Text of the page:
Forages are important components of dairy cattle rations but might harbor a plethora of mycotoxins. Ruminants are considered to be less susceptible to the adverse health effects of mycotoxins, mainly because the ruminal microflora degrades certain mycotoxins. Yet, impairment of the ruminal degradation capacity or high ruminal stability of toxins can entail that the intestinal epithelium is exposed to significant mycotoxin amounts. The aims of our study were to assess (i) the mycotoxin occurrence in maize silage and (ii) the cytotoxicity of relevant mycotoxins on bovine intestinal cells. In total, 158 maize silage samples were collected from European dairy cattle farms. LC-MS/MS-based analysis of 61 mycotoxins revealed the presence of emerging mycotoxins (e.g., emodin, culmorin, enniatin B1, enniatin B, and beauvericin) in more than 70% of samples. Among the regulated mycotoxins, deoxynivalenol and zearalenone were most frequently detected (67.7%). Overall, 87% of maize silages contained more than five mycotoxins. Using an in vitro model with calf small intestinal epithelial cells B, the cytotoxicity of deoxynivalenol, nivalenol, fumonisin B1 and enniatin B was evaluated (0–200 µM). Absolute IC50 values varied in dependence of employed assay and were 1.2–3.6 µM, 0.8–1.0 µM, 8.6–18.3 µM, and 4.0–6.7 µM for deoxynivalenol, nivalenol, fumonisin B1, and enniatin B, respectively. Results highlight the potential relevance of mycotoxins for bovine gut health, a previously neglected target in ruminants.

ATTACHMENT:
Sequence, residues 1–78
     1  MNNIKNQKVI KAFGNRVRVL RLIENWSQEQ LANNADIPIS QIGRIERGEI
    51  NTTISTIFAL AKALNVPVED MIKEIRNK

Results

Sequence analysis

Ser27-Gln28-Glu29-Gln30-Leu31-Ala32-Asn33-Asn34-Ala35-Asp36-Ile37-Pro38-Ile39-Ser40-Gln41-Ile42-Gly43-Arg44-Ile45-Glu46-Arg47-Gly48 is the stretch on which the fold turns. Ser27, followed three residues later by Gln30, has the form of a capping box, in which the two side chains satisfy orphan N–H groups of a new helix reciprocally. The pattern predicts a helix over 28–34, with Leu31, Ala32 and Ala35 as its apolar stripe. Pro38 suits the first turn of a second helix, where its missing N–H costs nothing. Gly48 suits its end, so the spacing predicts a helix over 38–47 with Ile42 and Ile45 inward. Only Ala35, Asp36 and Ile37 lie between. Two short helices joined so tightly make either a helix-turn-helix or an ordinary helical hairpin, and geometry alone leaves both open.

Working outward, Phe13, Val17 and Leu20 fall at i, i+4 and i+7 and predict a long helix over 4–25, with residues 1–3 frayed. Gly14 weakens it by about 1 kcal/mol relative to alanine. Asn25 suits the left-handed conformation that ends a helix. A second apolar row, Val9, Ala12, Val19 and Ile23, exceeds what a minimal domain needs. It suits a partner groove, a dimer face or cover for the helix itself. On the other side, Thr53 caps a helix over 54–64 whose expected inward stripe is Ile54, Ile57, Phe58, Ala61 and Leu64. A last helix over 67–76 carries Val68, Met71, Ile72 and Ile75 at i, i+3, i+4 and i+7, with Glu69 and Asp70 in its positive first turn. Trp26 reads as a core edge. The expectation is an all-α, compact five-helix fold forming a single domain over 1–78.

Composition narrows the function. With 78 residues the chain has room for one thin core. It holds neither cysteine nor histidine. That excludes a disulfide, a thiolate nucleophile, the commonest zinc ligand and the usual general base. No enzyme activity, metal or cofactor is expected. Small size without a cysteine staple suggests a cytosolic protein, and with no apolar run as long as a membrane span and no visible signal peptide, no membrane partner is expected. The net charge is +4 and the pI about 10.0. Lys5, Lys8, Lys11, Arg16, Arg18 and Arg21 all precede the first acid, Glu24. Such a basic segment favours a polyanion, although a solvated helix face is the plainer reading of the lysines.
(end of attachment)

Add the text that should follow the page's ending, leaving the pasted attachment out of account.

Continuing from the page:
This is an open access article distributed under the Creative Commons Attribution License
which permits unrestricted use, distribution, and reproduction in any medium, provided the original work is properly cited